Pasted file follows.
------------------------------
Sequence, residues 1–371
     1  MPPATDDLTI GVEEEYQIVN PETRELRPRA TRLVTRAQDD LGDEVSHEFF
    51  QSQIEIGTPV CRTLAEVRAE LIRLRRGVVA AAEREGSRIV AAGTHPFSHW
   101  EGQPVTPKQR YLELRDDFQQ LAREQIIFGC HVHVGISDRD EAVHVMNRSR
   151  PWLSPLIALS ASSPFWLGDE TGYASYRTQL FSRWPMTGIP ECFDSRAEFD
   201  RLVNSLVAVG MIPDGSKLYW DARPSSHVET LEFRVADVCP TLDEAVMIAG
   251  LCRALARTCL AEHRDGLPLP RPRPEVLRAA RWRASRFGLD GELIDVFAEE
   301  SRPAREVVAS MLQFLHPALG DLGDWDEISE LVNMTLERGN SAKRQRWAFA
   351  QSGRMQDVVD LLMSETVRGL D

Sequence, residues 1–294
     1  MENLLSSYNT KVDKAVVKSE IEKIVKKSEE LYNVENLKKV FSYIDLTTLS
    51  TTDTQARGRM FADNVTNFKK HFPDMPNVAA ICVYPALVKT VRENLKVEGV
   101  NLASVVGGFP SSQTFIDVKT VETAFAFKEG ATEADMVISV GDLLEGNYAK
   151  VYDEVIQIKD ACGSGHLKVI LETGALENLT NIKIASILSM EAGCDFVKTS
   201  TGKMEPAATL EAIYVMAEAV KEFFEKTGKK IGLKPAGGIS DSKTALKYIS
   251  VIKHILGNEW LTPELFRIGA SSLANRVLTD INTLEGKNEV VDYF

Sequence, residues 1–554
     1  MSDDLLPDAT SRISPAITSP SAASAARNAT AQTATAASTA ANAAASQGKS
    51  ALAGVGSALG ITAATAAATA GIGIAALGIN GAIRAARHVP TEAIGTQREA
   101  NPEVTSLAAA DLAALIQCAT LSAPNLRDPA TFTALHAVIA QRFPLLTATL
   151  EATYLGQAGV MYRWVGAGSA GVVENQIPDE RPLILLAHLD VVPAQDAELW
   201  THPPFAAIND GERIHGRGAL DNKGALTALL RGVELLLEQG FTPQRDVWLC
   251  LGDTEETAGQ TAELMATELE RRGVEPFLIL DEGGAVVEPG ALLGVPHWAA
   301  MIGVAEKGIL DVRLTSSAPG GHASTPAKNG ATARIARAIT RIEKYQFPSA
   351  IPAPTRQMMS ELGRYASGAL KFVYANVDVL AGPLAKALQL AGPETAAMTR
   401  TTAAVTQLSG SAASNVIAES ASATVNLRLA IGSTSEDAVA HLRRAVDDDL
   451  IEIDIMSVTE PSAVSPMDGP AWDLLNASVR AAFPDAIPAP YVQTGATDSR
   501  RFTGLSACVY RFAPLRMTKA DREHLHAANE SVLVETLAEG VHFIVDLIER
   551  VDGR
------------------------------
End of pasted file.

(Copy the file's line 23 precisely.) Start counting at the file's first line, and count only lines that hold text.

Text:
   251  LGDTEETAGQ TAELMATELE RRGVEPFLIL DEGGAVVEPG ALLGVPHWAA